War over #Julia: Has Obama campaign set a trap for Republicans?
The Obama campaign's 'Life of Julia' Web infographic shows how government helps women from cradle to grave. Republicans have pounced on it as 'nanny state' excess. But the #Julia Internet meme has taken off.
When the Obama campaign gave birth to â€śJuliaâ€ť on Thursday, a cartoon woman whose â€ślifeâ€ť is depicted in a multipage Web infographic, the stated goal was to show voters how President Obamaâ€™s policies help women from cradle to grave.
But conservatives â€“ including the Republican National Committee â€“ jumped all over Julia, decrying her as representing the kind of socialistic future that President Obama envisions for America, with a government that is in our lives with unaffordable handouts every step of the way.
â€śAs silly as it is, even baiting the Republicans into mocking the Julia feint is a form of engaging them on the gender issue,â€ť writes Ana Marie Cox at The Guardian.
And, as is well-documented in polls, Mr. Obama crushes presumptive GOP nominee Mitt Romney among women voters, a deficit Mr. Romney has been addressing this week. On Thursday, he campaigned in Virginia with former primary opponent Rep. Michele Bachmann (R) of Minnesota, and spoke of the challenges faced by women entrepreneurs.
But on the Web, it was Julia, not Michele, who was getting the attention. In the first frame of â€śThe Life of Julia,â€ť 3-year-old Julia is enrolled in Head Start to help her get ready for kindergarten. Under Romney, the graphic asserts, the federal budget â€śwould cut programs like Head Start by 20 percent, meaning the program would offer 200,000 fewer slots per year.â€ť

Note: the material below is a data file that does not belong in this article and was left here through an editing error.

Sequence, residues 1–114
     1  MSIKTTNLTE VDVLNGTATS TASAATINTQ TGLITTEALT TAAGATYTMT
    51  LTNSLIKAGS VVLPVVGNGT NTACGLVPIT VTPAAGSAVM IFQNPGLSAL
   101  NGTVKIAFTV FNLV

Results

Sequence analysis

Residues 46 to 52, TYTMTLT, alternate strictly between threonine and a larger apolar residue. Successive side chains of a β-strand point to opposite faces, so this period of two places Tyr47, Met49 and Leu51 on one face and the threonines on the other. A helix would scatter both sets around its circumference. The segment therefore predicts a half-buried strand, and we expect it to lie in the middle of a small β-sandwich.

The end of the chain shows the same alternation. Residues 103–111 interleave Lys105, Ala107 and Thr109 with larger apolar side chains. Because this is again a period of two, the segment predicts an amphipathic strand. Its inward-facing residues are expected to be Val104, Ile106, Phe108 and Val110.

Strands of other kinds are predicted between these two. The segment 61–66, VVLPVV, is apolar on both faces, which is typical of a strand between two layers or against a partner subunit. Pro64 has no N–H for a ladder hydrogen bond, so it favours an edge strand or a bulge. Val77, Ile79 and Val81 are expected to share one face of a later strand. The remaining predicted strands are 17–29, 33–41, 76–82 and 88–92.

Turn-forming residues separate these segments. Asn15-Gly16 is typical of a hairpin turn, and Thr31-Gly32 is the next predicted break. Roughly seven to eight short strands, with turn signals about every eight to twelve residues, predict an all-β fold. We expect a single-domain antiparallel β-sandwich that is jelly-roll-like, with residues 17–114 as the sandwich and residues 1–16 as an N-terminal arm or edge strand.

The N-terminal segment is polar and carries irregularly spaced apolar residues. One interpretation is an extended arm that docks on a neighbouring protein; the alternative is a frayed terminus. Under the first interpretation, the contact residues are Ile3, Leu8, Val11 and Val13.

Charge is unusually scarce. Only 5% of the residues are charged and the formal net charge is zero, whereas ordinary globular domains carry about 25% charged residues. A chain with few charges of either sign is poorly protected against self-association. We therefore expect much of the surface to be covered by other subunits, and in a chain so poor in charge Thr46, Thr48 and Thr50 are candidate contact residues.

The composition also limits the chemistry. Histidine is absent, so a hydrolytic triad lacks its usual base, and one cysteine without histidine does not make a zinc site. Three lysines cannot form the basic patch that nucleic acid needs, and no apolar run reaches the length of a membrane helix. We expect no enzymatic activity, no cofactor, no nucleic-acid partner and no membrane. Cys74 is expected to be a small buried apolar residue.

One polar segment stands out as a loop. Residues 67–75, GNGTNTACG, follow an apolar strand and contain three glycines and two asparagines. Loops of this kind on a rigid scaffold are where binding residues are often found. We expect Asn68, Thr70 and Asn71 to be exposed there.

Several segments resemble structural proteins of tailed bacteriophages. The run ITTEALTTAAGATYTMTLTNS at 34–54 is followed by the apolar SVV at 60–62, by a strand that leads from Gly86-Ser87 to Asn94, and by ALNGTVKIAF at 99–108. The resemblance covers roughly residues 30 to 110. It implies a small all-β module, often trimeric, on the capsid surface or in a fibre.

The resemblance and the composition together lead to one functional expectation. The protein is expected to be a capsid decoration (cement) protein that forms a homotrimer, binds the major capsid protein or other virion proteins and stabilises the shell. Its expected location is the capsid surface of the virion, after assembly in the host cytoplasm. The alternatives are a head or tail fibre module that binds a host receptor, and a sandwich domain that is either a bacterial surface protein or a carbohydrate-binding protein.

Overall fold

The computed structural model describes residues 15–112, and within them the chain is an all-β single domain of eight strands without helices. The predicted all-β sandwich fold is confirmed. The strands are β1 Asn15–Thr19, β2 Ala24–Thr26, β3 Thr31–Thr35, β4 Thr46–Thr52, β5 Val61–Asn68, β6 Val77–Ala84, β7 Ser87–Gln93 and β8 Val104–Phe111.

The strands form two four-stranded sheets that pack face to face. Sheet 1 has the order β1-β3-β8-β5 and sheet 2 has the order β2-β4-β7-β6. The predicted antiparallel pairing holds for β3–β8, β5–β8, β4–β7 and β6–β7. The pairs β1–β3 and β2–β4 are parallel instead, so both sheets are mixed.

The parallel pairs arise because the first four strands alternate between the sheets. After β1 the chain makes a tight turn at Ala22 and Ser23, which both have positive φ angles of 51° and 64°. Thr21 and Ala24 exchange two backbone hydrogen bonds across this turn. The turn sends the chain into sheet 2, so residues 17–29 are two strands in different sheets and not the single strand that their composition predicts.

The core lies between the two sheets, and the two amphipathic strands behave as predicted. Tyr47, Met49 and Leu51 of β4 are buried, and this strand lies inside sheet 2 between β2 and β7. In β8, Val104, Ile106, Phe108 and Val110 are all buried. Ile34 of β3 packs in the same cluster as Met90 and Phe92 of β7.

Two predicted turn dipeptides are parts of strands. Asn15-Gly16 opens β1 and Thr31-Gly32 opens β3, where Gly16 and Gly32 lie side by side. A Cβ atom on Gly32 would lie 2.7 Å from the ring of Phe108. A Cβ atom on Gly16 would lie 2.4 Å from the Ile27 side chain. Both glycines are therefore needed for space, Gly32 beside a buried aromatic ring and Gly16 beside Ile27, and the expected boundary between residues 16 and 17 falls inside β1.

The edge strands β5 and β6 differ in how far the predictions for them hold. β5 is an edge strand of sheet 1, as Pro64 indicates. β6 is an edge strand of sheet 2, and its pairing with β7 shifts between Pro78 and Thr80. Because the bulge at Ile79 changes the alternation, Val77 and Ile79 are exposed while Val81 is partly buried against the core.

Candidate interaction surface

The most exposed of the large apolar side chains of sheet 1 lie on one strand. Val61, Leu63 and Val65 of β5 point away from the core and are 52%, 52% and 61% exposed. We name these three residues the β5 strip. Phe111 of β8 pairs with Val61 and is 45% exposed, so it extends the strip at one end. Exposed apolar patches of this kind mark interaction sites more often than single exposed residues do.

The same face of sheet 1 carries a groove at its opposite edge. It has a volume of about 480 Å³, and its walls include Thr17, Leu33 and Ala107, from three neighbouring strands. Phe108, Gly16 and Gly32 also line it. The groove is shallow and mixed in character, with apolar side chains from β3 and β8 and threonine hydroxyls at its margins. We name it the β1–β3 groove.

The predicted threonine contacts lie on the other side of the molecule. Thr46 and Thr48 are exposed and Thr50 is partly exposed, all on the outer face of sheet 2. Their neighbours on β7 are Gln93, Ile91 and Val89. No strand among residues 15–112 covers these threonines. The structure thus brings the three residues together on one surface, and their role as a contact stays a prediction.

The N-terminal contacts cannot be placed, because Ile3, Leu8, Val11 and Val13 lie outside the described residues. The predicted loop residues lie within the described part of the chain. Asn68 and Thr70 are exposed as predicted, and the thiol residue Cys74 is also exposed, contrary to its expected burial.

Never mind that Romney has not said he would cut Head Start by 20 percent. Thatâ€™s an extrapolation the Obama camp makes, on the assumption that Romney would cut domestic spending equally across the board.
As Julia goes through life, she gets a good public education because of Race to the Top, receives a Pell Grant to attend college, has surgery as a young adult under her parentsâ€™ health insurance, gets a loan from the Small Business Administration for her Web startup, and so on, all the way into old age, where a still-functioning Medicare and Social Security help her retire comfortably. Free of worries, she volunteers at a community garden.
Weâ€™re left to imagine that in the presumed Romney dystopia, senior-citizen Julia is eating cat food and living in a cardboard box, because, the graphic states, â€śunder Romney, Julia's benefits could be cut by 40 percent.â€ť
Republicans were not amused. The Republican National Committee immediately posted a counternarrative on its Tumblr account:
â€ś#Julie is bummed. Her share of the national debt went up $16,345 under Obama.â€ť
â€ś#Julia, the college student, is paying record high tuition to attend college.â€ť
â€ś#Julia, about to graduate, canâ€™t find a job in the Obama economy.â€ť
And so on.
Each point is followed by a link to a website with supporting data. By Julia's retirement, of course, there is no Medicare or Social Security, because Obama let them go broke.
The Twitter-verse exploded over Julia.
Conservative columnist Michelle Malkin: â€śI will read Life of #Julia to my kids to show them how NOT to live their lives â€“ tethered to Nanny State.â€ť
Conservative talk-show host Dana Loesch: â€śI've no idea how I or other women survived this long without the government making all of our decisions for us. #juliaâ€ť
The April employment numbers out Friday morning, showing disappointing job creation, are no doubt a bigger problem for Obama than conservatives piling on poor Julia. But if all the attention gets more voters to click through her â€ślife,â€ť driving home his message that the government is there to help women, then maybe Obama will actually win this skirmish.